Recommended Reads: Targeting a financial career

Our financial careers coach, Paul McCormick, has put together some ‘Top Reads’ for anyone interested in a financial career path.

1.  Flash Boys, Michael Lewis – One of Michael Lewis’s epic bestseller tells the outrageous story of the multi-millionaires and whizz kids who scammed the banking system in the blink of an eye – and the whistleblowers who tried to stop them.

2. The great Crash 1929, John Kenneth Galbraith – Examines the causes, effects, and long-term consequences of America’s infamous financial meltdown, showing how rampant speculation and blind optimism sustained a market mania, and led to its terrible downward spiral. This book describes the people and corporations at the heart of the financial community, and how they were affected by the disaster.

3. The Big Short, Michael Lewis – The real story of the crash began in bizarre feeder markets where the sun doesn’t shine and the SEC doesn’t dare or bother, to tread: the bond and real estate derivative markets where geeks invent impenetrable securities to profit from the misery of lower – and middle-class Americans who can’t pay their debts. The smart people who understood what was or might be happening were paralyzed by hope and fear, in any case, they weren’t talking.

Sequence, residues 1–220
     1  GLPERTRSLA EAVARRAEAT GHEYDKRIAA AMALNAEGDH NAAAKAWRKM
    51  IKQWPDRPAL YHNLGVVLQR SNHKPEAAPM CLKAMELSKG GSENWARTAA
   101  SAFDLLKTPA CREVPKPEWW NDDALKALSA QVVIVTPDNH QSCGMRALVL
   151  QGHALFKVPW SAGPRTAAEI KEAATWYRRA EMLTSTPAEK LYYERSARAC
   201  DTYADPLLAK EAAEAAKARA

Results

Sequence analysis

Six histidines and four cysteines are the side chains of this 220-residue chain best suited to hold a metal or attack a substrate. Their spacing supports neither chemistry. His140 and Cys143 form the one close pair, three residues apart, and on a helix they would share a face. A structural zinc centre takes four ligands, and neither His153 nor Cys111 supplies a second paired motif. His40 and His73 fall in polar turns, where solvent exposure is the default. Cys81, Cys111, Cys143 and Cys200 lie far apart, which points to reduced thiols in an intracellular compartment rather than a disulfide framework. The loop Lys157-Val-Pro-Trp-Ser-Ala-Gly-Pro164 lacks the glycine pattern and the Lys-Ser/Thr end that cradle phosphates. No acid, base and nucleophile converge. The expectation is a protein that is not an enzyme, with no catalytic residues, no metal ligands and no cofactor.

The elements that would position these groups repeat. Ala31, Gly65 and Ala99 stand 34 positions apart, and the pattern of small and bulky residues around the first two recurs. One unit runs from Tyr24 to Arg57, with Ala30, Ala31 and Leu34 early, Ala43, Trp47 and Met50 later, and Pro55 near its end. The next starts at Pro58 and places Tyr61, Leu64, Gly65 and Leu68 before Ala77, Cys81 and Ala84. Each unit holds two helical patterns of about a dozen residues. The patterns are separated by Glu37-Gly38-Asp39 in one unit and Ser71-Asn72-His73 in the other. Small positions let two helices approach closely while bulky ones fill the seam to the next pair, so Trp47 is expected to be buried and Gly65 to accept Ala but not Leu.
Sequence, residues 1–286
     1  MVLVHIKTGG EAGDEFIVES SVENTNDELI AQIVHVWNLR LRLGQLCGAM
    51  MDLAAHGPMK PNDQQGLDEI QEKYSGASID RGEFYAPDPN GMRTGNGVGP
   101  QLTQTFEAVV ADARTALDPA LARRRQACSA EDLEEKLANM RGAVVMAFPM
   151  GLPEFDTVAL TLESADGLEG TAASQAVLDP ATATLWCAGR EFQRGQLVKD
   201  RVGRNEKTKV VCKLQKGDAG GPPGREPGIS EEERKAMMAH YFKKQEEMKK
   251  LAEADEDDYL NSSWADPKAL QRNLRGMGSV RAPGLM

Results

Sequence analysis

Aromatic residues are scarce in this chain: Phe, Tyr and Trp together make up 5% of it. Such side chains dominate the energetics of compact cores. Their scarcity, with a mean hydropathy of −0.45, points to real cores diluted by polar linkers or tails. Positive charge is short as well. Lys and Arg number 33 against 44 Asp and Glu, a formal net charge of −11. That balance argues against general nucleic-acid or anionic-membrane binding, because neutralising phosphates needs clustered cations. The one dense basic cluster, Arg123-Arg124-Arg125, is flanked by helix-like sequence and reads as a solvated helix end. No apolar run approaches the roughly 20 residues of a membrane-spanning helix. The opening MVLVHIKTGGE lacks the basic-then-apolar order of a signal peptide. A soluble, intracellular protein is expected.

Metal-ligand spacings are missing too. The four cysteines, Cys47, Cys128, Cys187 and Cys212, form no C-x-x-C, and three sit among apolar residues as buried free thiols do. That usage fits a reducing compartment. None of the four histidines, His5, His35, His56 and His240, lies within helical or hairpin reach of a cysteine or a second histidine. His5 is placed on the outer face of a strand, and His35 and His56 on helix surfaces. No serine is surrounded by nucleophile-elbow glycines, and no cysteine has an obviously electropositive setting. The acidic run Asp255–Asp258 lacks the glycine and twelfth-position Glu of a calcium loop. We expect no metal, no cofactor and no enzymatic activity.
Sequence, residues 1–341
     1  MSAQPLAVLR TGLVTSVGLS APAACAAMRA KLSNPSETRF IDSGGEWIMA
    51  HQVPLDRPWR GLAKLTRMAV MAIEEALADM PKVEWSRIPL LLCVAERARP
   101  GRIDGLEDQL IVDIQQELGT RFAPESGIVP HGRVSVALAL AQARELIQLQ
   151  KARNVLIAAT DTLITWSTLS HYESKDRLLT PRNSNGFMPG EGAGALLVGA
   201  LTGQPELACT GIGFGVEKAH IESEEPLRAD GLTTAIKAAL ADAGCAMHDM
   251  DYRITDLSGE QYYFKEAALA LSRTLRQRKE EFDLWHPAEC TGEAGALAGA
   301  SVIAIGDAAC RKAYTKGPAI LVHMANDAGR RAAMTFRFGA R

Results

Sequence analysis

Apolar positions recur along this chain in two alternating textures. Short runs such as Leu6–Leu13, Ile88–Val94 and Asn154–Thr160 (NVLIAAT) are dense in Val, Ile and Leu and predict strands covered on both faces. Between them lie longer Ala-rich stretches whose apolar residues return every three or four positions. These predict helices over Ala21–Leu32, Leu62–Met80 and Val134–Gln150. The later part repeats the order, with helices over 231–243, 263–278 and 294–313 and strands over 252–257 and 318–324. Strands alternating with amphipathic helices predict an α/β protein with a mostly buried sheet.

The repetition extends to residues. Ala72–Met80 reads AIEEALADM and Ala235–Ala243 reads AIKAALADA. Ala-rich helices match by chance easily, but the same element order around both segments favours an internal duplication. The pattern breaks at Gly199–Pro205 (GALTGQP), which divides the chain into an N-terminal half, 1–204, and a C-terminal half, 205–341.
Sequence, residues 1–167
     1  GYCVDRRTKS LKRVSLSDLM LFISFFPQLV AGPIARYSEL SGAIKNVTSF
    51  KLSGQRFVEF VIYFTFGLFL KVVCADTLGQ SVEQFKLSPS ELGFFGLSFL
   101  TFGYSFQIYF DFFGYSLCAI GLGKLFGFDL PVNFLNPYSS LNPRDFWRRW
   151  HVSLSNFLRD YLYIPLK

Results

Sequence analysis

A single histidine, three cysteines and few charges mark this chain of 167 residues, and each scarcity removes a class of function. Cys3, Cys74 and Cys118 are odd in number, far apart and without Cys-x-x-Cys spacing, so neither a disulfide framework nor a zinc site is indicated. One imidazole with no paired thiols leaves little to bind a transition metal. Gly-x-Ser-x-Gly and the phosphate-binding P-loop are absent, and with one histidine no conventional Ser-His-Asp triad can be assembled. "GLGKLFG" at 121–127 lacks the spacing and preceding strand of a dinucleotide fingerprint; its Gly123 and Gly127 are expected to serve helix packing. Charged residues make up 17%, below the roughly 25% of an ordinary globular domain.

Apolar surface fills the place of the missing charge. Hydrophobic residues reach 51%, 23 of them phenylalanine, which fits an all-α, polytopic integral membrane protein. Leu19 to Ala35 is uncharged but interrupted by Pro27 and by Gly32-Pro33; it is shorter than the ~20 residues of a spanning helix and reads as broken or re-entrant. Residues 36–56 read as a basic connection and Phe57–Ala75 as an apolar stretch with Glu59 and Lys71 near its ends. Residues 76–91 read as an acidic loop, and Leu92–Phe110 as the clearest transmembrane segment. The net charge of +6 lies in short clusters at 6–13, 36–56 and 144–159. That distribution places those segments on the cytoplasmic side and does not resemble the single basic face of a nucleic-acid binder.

4. More money than god, Sebastian Mallaby – Wealthy, powerful, and potentially dangerous, hedge-find managers have emerged as the stars of twenty-first-century capitalism. Based on unprecedented access to the industry, more money than god provides the first authoritative history of hedge funds. This is the inside story of their origins in the 1960s and 1970s, their explosive battles with central banks in the 1980s and 1990s, and finally their role in the financial crisis of 2007-9.

5. Liar’s Poker, Michael Lewis – The original story of hysterical greed and excessive ambition, one that is now more potent and enthralling than ever. This book follows the journey that was Michael Lewis’s pell-mell progress through the dealing rooms of Solomon Brothers in New York and London during the heady mid-’80s when they were probably the world’s most powerful and profitable merchant bank.